Health Care System in Critical Condition
RealAudio version of this segment is available
DENTZER: Six days a week here at New Britain General Hospital
in Connecticut, blood flows in and out of these hemodialysis machines.
Patients whose kidneys have failed come for three-hour-long treatments
to remove wastes and excess salts and fluids from their bodies.
TANNER: Dialysis is a service that really is a life-sustaining
service. Patients come here three days a week, every week, in
order to maintain life.
DENTZER: Medicare, the federal health insurance program for the
aged and disabled, picks up more than half of the roughly $8 billion
dollars that the nation spends each year on kidney dialysis. At
New Britain, where more than 90 percent of the patients are on
Medicare, the program's payments don't fully cover the costs.
Hospital president and CEO Laurence Tanner says his institution
may not be able to offer dialysis much longer.
TANNER: It's so integral to the lives of everyone who comes here.
Over 100 patients every week really depend on us. It's a decision
that we just haven't felt comfortable in making.
DENTZER: And that's why Tanner was among a group of hospital CEOs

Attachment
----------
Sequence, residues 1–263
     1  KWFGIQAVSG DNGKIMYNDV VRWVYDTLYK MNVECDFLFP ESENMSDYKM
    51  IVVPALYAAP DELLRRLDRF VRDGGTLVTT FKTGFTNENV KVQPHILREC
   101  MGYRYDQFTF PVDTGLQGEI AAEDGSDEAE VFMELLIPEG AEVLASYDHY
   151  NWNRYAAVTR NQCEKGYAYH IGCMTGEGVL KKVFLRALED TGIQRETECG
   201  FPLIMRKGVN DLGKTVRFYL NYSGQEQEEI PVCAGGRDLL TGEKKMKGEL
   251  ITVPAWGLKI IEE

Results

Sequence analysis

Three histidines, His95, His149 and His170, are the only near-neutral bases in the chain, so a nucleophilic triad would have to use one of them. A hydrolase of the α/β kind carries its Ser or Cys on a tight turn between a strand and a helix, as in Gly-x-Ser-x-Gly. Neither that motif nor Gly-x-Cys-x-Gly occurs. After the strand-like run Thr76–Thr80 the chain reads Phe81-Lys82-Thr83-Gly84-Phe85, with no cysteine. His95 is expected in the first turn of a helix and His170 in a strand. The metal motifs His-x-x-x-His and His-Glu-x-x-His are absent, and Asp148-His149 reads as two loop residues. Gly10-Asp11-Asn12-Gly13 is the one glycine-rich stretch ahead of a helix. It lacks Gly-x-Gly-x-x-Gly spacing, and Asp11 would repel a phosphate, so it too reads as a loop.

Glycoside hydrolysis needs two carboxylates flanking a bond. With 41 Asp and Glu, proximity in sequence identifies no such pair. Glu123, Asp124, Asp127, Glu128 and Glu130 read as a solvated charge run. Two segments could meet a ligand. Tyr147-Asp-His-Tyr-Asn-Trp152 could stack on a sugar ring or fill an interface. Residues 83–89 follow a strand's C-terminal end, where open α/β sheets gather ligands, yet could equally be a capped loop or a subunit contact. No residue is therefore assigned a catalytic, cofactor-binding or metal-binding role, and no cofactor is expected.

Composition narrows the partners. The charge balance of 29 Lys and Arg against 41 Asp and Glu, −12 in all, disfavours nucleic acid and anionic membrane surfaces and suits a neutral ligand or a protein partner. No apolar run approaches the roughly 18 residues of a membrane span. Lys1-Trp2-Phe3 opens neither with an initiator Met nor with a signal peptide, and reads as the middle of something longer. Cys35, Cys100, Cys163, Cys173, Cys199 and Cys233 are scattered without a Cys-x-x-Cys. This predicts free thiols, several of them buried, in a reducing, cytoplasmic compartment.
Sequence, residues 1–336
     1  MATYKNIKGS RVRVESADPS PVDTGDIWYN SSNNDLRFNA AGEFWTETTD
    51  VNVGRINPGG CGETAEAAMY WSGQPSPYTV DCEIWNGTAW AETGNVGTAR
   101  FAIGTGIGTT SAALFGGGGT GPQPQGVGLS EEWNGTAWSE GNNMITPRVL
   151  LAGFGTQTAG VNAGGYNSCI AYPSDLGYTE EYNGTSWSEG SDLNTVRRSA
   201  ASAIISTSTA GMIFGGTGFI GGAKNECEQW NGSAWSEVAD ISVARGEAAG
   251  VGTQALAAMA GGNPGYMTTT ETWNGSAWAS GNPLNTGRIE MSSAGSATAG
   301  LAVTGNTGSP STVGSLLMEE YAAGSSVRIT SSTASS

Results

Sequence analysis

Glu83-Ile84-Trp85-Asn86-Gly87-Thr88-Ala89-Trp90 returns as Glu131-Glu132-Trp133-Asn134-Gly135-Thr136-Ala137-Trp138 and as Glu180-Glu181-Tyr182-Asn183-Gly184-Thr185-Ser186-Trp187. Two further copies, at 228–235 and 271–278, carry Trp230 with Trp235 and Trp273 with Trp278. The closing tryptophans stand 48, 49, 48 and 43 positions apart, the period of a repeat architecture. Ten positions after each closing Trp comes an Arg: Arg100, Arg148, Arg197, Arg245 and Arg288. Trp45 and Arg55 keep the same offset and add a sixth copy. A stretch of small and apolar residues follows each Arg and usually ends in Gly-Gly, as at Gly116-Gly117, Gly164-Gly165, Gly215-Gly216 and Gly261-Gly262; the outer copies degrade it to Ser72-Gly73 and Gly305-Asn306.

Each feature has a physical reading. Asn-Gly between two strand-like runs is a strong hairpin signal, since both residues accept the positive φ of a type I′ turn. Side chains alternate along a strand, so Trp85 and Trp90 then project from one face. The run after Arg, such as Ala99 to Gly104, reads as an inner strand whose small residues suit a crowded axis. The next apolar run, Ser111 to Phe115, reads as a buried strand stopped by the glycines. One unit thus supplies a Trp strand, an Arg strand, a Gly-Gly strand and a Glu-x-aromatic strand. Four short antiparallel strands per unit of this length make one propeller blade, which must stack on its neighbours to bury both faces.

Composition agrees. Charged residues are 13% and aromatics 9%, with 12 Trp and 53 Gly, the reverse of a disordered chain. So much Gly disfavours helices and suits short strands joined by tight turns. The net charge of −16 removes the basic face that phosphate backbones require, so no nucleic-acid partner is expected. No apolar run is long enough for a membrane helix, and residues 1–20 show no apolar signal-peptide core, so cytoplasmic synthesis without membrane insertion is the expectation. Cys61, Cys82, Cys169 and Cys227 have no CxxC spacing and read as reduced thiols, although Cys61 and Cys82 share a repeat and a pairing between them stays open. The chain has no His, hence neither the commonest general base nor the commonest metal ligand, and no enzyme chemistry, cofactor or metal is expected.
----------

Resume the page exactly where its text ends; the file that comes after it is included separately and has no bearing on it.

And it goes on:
who recently went to Congress to lobby for bigger Medicare payments.
Democratic Senator John Breaux serves on the Senate Finance Committee,
which will have to make decisions about provider payments. He
says asking Congress for more money is a time-honored ritual for
BREAUX: In all of the years I've been in Congress, which is 30
years now, I've never had a provider group come to Congress and
ask for less money. Every year it's the same. We cut, we add,
we cut, we add. And it's been a mishmash of public policy.
DENTZER: But this year in particular, lawmakers say, the policies
are leading to chaos in the health-care system. House Republican
Nancy Johnson represents the Connecticut district in which New
Britain hospital is based. We caught up with her outside her district
JOHNSON: The system is under enormous stress. It's under the most
stress I have ever seen it, because there have been a number of
years now where both public and private payers have been reducing
payments and pressing down hard on costs, and at the same time,
the science of medicine has been inventing new diagnostic and
treatment technologies that drive costs up.
DENTZER: Experts say that about a third of U.S. hospitals are
doing just fine. But a third are barely breaking even, and another
third are in serious trouble. This one, New Britain General Hospital,
is in that middle category -- barely breaking even. It's already
had to cut back some services -- and if pressures grow, it may
have to cut back even more.
Medicare is a federal program, Congress sets overall payment policies
that in turn influence everything from the price of heart surgeries
to doctor's visits. And providers say those fees often fall well
below their actual costs. New Britain's CEO Tanner showed us one
example: an implantable heart defibrillator.
TANNER: This small device keeps patients alive if they have irregular